When your company boasts about “record” financial results, most workers would think a bonus is just around the corner, not job cuts.
At the end of last week, Activision reported a 42% increase in revenues to US$6.6bn (2015: US$4.7bn) for the 12 months to 31 December 2016.
Digital sales were a big factor behind the rise, almost doubling over the period US$4.9bn. In fact, Activision made more money from digital sales alone in 2016 than it did in total the year before.
The numbers were impressive, even before the company put them into context: “In 2016, consumers spent approximately 43bn hours playing and watching Activision Blizzard content, on par with Netflix and over one-and-a-half times Snapchat.”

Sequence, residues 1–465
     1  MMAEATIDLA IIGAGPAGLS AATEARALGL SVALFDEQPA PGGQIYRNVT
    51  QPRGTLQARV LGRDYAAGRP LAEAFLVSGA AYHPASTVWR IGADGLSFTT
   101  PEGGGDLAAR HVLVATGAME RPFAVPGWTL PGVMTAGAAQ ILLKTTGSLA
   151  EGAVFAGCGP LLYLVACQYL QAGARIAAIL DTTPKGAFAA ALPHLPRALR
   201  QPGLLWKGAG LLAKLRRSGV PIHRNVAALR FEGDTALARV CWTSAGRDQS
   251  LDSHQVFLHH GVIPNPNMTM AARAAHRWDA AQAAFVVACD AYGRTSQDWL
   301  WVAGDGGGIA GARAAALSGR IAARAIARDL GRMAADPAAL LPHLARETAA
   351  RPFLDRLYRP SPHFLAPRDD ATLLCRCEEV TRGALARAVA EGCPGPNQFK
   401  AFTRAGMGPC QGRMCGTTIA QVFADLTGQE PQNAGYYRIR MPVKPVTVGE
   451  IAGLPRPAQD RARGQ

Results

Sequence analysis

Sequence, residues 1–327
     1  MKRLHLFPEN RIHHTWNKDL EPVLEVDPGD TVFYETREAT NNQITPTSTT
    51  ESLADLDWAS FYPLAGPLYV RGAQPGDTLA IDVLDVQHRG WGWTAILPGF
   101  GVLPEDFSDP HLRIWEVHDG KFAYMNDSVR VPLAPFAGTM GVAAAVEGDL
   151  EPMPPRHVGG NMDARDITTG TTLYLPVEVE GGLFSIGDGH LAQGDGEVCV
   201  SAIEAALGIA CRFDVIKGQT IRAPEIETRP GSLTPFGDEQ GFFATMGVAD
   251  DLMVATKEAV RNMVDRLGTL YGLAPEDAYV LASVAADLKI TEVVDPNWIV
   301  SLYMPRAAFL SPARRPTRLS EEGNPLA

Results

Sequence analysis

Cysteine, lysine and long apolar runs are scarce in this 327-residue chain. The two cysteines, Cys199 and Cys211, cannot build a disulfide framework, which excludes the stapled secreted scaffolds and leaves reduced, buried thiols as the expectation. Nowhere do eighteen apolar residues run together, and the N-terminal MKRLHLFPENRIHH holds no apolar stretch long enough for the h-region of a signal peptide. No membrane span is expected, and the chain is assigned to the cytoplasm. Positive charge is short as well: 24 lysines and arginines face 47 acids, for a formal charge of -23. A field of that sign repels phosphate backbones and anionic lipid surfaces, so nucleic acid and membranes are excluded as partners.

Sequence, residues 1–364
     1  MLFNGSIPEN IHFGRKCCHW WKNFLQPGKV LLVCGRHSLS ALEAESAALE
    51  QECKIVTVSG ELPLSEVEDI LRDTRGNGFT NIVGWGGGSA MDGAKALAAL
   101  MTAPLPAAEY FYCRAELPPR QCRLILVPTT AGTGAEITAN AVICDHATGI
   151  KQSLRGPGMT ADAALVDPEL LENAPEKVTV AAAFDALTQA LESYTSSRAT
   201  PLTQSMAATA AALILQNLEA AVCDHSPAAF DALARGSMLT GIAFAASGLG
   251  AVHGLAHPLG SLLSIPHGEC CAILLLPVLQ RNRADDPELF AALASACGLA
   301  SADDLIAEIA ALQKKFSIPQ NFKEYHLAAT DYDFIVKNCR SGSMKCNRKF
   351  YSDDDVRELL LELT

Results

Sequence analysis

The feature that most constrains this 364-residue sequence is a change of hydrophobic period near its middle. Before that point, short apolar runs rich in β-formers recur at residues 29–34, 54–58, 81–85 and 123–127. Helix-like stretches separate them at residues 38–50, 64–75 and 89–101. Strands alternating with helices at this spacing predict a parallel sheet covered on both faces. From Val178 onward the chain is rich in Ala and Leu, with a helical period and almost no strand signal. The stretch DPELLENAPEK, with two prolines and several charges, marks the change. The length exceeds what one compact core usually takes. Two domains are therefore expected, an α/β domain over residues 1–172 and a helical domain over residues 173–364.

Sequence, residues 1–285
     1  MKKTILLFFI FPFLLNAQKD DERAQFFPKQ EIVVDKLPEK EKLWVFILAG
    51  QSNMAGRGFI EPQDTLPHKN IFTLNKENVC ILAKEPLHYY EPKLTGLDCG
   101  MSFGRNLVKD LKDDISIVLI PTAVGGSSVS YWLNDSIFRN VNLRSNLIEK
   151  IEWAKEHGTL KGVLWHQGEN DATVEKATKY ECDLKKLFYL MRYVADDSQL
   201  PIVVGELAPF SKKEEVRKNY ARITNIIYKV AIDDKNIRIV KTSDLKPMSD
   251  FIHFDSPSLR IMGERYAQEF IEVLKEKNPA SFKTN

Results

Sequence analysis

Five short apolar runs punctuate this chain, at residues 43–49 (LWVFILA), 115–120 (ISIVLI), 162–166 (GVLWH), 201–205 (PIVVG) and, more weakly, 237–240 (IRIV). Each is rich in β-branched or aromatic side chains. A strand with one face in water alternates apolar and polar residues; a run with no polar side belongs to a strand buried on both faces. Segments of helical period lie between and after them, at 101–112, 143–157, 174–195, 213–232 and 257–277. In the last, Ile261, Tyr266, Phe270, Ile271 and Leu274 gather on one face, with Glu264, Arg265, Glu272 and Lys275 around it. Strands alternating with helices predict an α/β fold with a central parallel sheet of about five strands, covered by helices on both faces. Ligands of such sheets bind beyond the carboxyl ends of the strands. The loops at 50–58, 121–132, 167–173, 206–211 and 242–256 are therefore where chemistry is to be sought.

The strong performance wasn’t enough to stop the Activision Publishing division from laying off 5% of its staff.
Employees at the subsidiary's Infinity Ward and Beenox studios – responsible for Call of Duty: Infinite Warfare – were affected, as well as some from the company’s headquarters in Santa Monica.
Twenty of those let go were Call of Duty developers, who possibly paid the price for weaker-than-expected sales of the hit game last year.
The company released a statement which read: “Activision Publishing is realigning our resources to support our upcoming slate and adapt to the accelerating transition to digital, including opportunities for digital add-on content.”
The group’s line-up for the coming year is much smaller than 2016’s, with Destiny 2 and a new Call of Duty game the only confirmed releases so far.